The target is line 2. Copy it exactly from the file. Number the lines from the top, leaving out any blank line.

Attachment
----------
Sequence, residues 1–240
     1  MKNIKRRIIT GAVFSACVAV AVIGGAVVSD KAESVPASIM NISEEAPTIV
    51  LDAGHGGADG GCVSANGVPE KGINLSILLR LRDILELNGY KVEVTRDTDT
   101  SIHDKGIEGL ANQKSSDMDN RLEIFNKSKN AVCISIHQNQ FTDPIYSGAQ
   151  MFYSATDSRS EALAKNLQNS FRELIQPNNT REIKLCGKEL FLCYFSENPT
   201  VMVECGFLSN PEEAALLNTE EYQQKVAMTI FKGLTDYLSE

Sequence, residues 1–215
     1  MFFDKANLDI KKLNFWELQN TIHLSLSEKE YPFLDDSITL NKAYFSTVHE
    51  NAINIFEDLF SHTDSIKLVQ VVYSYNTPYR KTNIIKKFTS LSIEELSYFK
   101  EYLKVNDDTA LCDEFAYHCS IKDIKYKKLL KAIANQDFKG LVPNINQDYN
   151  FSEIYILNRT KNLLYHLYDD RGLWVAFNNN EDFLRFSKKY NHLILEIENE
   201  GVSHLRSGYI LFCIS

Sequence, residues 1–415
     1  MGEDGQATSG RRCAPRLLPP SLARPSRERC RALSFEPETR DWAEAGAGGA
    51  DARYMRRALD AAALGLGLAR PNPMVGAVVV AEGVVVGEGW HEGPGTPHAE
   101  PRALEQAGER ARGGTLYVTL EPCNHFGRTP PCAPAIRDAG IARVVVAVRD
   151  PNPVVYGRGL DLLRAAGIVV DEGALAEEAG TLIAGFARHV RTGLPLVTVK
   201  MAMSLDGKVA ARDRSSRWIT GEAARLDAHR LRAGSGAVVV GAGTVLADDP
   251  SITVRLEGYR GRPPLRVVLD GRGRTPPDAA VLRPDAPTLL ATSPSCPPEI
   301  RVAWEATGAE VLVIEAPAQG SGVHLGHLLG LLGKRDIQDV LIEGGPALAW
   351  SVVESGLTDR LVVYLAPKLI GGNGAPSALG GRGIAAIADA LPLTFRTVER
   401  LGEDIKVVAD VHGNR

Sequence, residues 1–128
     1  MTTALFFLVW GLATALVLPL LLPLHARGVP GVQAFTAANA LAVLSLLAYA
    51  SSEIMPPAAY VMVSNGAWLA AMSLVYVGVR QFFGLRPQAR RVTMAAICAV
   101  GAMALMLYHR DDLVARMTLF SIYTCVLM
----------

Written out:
     1  MKNIKRRIIT GAVFSACVAV AVIGGAVVSD KAESVPASIM NISEEAPTIV